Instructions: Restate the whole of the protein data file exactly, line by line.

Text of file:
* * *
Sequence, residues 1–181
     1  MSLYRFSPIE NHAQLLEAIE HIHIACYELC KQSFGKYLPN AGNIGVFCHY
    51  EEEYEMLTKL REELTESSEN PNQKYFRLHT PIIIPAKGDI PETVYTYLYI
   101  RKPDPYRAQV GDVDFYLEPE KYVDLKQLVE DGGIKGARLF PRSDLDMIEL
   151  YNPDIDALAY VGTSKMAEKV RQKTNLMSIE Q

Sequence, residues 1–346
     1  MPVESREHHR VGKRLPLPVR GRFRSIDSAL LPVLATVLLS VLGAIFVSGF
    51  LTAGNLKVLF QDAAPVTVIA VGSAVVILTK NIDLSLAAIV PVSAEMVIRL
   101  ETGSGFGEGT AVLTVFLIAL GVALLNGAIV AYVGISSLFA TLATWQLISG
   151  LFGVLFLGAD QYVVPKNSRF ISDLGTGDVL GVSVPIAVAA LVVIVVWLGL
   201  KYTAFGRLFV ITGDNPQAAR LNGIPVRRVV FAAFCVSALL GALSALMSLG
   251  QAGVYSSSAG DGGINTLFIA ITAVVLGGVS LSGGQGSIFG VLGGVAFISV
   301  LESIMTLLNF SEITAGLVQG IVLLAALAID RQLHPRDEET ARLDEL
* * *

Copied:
Sequence, residues 1–181
     1  MSLYRFSPIE NHAQLLEAIE HIHIACYELC KQSFGKYLPN AGNIGVFCHY
    51  EEEYEMLTKL REELTESSEN PNQKYFRLHT PIIIPAKGDI PETVYTYLYI
   101  RKPDPYRAQV GDVDFYLEPE KYVDLKQLVE DGGIKGARLF PRSDLDMIEL
   151  YNPDIDALAY VGTSKMAEKV RQKTNLMSIE Q

Sequence, residues 1–346
     1  MPVESREHHR VGKRLPLPVR GRFRSIDSAL LPVLATVLLS VLGAIFVSGF
    51  LTAGNLKVLF QDAAPVTVIA VGSAVVILTK NIDLSLAAIV PVSAEMVIRL
   101  ETGSGFGEGT AVLTVFLIAL GVALLNGAIV AYVGISSLFA TLATWQLISG
   151  LFGVLFLGAD QYVVPKNSRF ISDLGTGDVL GVSVPIAVAA LVVIVVWLGL
   201  KYTAFGRLFV ITGDNPQAAR LNGIPVRRVV FAAFCVSALL GALSALMSLG
   251  QAGVYSSSAG DGGINTLFIA ITAVVLGGVS LSGGQGSIFG VLGGVAFISV
   301  LESIMTLLNF SEITAGLVQG IVLLAALAID RQLHPRDEET ARLDEL